Finding One Golf Swing That Works

Here’s a test for you: when on the golf course, do you ever have days where you hit your irons well … but have a bad day hitting your Driver? Or you hit your Driver well … but all of sudden you forget how to hit your fairway woods?

If you answered yes to either (or both) of those questions … you’re the Golfer that relies on different golf swings for each of these shots: a chip, a pitch, another swing for wedges, a mid iron swing, a long iron swing, a hybrid swing, a fairway wood swing, and of course … a Driver swing. Thus, if you continue this philosophy … you’ll be a permanent member of the “League of Frustrated Golfers”.

Yet, if you ever want to experience the satisfaction of having consecutive rounds of golf where it all comes together … you need to begin to blend all your swings into one swing.

Because as difficult as it is to become consistent with just one golf swing … the average Golfer is trying to become consistent with multiple golf swings!

How many different golf swings do you use over the course of 18 holes?

Yet, your golf swing could (and should) be consisting of the same movements with every club … except your putter. Because when you watch the best Players in the world, the only things that change for each shot are the club they use and the distance they swing that club. Other than that … it’s the same swing motion from start to finish.

Unfortunately most Golfers have been taught a chipping stroke, then a pitching stroke, then an iron swing, then a … etc., etc., etc.

However, using this style … if you’re like most Golfers, you get stuck in a scoring rut where you might have a really good game every once in a while … but you’re just as likely to have a bad game.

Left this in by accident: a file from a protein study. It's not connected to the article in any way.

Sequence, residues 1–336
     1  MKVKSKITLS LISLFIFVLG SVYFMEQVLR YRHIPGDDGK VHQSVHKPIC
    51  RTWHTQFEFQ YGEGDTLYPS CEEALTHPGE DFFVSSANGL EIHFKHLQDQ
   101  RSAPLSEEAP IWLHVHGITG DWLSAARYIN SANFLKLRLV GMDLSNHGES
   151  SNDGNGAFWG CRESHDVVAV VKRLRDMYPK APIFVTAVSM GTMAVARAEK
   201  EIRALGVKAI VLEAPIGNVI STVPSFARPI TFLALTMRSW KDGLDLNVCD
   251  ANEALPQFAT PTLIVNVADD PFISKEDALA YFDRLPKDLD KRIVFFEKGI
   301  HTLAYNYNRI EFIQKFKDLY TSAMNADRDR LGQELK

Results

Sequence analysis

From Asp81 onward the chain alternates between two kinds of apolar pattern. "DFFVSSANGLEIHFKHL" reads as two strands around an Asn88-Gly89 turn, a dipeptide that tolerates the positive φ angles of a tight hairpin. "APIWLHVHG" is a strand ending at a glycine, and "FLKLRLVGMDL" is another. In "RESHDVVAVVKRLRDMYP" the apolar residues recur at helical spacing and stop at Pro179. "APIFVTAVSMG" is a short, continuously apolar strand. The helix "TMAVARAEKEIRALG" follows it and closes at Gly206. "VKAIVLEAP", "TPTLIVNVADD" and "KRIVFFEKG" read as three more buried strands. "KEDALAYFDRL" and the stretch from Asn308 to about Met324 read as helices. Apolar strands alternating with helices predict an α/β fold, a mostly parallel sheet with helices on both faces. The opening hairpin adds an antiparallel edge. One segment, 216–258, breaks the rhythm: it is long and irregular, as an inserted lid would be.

To give you an example of having one swing for all clubs: Watch the PGA Tour Player when he makes a golf swing with his Driver. Then watch when he hits his iron to the green. What do you see different in the movement of his body … besides the Driver being on the tee and the iron having the ball on the ground?

His arms, legs, and core are moving the same regardless of the club in his hand. The only thing that is different is the position of the golf ball, the club he is using, and how far back he takes the golf club.

Now, there will be people saying that he’s swinging more down on the golf ball with the iron to create a divot, but sweeping his fairway woods. Yet, is he swinging differently? Or could the reason why a divot is created with the iron be attributed to the fairway wood being a little longer (thus a different lie angle) , as well as having a different sole … thus not allowing it to dig into the ground as the iron does.

Yet Golfers will cry till their dying breath that you need to sweep your fairway woods and hit down on your irons … even though these Golfers are inconsistent doing so themselves.

However, it’s essential to note that these people do not belong to the “Consistent Golfers Society” … they are permanent members of the “League of Frustrated Golfers”.

Which Society/League would you rather have your membership with?

The Monkey uses at least eight different golf swings at various times on the golf course

The Player understands that to join the “Consistent Golfers Society” you need to be consistent with one golf swing

Go ahead, Be a Player!

Regards,

Marc Solomon – Your Instructor For Life

www.GolfMadeSimple.com

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